On the identity of Eleazar mentioned in an Yosippon passage

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On the identity of Eleazar mentioned in an Yosippon passage

Post by Giuseppe »

Giuseppe wrote: Wed Apr 14, 2021 9:34 am So the Josippon passage as reconstructed by Robert Eisler (p. 111 of this book):

«in those days there were wars and quarrels in Judaea between the Pharisees and the “robbers of our nation” who strayed after Jesus, son of Joseph. And there went out some of those robbers and wandered in the wilderness where there is no way, and made unto themselves signs and miracles through their sorceries. And there came some of the sons of the city of Edom, robbers (too), and they (all) went into the hiding-places of Edom and seduced many (saying) : “in the days (of ... ) Jesus came to ... (us) ... Arrived has the angel (messenger) of God foretold by the prophets throughout the ages, and he has said ... but they listened not to him, but sought how they might kill him. Now, however, let us ....................... (The chief of these bandits) was Eleazar, who committed great crimes in Israel, until the Pharisees got the better of him»

About this Eleazar, I am advancing two/three possibilities.
  • 1) If he is the same Beloved Disciple (=Lazzarus), then he had free access to the house of the high priest, in John 18:15-17:

    Simon Peter and another disciple were following Jesus. Because this disciple was known to the high priest, he went with Jesus into the high priest’s courtyard, 16 but Peter had to wait outside at the door. The other disciple, who was known to the high priest, came back, spoke to the servant girl on duty there and brought Peter in. “You aren’t one of this man’s disciples too, are you?” she asked Peter. He replied, “I am not.”

    ...Hence he could be Eleazar ben Ananias, i.e. a son of a high priest (Ananias b. Nebedeus, 46-52 CE). His connection with the Idumeans may explain the reference to 'Edom' in the Yosippon passage.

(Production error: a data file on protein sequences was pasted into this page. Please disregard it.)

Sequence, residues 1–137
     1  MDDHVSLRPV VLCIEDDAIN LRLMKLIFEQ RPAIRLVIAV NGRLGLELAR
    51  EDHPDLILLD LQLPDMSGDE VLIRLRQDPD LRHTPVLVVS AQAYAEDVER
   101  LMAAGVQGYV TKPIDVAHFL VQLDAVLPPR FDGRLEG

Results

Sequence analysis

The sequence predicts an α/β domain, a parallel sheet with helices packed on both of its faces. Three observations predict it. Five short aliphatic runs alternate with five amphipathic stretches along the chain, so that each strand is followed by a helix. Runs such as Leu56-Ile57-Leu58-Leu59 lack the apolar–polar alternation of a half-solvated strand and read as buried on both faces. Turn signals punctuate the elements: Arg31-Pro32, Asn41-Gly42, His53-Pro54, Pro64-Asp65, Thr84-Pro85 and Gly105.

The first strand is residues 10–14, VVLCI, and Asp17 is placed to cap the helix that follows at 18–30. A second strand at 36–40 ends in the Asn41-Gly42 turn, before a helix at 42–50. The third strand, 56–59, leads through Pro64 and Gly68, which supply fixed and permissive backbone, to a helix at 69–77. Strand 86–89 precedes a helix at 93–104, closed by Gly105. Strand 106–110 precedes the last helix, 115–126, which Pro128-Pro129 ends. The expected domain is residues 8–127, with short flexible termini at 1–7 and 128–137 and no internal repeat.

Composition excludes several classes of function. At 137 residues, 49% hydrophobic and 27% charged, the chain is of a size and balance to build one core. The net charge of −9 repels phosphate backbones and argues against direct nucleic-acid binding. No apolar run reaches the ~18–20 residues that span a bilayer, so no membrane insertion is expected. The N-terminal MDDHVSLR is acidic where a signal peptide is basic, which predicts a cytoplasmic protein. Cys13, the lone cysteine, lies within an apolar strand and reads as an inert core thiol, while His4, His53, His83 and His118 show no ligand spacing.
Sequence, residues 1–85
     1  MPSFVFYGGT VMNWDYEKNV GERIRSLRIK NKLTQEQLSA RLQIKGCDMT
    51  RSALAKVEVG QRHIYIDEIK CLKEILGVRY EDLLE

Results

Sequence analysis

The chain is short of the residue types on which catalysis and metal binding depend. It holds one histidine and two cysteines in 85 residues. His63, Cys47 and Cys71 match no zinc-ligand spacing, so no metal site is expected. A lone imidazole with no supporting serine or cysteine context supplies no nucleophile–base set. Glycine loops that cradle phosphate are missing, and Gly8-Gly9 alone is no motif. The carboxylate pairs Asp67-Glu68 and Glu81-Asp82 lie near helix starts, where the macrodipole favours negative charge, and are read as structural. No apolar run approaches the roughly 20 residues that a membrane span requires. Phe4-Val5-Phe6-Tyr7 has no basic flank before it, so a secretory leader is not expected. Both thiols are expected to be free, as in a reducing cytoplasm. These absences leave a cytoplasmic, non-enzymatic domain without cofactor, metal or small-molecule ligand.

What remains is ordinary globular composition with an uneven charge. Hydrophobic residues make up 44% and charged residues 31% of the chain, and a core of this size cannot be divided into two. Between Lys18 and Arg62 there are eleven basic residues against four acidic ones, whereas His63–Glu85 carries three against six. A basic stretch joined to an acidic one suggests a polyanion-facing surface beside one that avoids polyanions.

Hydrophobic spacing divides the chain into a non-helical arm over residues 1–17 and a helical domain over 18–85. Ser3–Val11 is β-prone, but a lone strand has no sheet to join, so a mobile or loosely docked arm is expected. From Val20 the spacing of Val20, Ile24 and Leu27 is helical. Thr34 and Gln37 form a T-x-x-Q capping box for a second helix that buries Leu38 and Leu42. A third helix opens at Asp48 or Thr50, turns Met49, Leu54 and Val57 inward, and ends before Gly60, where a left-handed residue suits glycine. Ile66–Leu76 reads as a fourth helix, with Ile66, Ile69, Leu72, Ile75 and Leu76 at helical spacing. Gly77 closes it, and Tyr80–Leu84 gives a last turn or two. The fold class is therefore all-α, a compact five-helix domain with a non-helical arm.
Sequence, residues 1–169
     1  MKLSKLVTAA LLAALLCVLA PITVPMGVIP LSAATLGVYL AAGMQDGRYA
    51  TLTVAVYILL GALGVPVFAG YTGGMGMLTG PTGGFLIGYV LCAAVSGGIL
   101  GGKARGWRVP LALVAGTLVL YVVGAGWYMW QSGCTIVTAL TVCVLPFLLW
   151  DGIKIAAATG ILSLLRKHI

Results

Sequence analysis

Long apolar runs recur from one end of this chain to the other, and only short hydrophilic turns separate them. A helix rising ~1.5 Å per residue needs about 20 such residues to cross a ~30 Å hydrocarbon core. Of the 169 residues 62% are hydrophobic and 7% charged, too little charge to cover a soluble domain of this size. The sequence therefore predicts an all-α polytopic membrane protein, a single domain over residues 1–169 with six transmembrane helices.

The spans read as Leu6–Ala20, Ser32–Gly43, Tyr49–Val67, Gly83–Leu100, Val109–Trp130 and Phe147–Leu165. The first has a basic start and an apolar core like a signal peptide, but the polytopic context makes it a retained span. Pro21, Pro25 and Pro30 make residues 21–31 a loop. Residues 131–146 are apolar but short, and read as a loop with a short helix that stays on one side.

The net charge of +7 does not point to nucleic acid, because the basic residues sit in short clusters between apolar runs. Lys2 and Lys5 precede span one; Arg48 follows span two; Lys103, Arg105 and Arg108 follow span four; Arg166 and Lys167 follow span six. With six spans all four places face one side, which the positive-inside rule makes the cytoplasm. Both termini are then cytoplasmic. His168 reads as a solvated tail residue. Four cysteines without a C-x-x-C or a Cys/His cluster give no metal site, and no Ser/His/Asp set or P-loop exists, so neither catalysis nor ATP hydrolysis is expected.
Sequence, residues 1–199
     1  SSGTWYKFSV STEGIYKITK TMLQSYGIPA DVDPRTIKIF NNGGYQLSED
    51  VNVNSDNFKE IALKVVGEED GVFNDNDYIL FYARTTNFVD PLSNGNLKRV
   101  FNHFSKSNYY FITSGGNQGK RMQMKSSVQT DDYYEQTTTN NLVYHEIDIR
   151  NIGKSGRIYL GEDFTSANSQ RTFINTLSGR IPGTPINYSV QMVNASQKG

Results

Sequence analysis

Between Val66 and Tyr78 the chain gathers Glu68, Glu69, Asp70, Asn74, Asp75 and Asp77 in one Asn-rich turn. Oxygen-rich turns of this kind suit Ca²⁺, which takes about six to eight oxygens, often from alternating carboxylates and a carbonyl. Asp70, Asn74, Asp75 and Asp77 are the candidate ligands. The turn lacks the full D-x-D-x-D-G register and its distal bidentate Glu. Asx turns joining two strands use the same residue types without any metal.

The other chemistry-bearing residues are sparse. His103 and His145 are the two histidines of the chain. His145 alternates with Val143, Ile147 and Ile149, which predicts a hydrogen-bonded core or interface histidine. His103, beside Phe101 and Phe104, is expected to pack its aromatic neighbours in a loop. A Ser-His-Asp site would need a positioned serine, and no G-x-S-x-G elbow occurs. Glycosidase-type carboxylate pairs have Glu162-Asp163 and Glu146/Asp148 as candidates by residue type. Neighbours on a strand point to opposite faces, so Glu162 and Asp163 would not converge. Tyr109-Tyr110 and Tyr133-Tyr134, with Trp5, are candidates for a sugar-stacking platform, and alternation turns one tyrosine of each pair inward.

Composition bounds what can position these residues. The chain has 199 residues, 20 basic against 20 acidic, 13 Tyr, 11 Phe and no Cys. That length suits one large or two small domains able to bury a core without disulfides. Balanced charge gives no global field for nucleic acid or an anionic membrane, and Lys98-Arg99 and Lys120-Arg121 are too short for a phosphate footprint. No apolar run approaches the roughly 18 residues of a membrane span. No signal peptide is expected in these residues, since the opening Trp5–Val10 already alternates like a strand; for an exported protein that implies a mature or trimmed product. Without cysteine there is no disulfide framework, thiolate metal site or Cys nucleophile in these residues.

• 2) There is another Eleazar in Josephus, i.e. Eleazar b. Jair, the last rebel in Masada. His existence is inferred by this archeological evidence:


    https://www.alamy.com/stock-photo-445-m ... 80109.html

    What is surprising is that the resurrection of Lazarus is not found in the Synoptics. In his place there is the resurrection... ...of the "daughter of Jair"! Coincidence?

  • 3) A third possibility is that Josephus confused deliberately the two Eleazars. He first defamed the Eleazar b. Ananias by making him the betrayer and killer of Menahem, and then he removed from him his heroic act of resistance in Masada, by referring said action to a "distinct" Eleazar (b. Jair).

so, if 'Eleazar' was ben Ananias, or ben Jair, or ben X, what did it matter after all?

Reconstructing who was really 'Eleazar' is not even important, since these Eleazar(es?) were all involved in the tragic Rivolt against the Romans and had caused the destruction of the temple: whoever that "Eleazar" was, every trace of a connection between him and Jesus b. Sapphat had to be forgotten, erased, extinguished.

To Maryhelena: to know the real origins of Christianity, one has to apply on the First Jewish Revolt the Eraclitean aphorism:

Πόλεμος πάντων μὲν πατήρ ἐστι, πάντων δὲ βασιλεύς

“War is father and king of everything”
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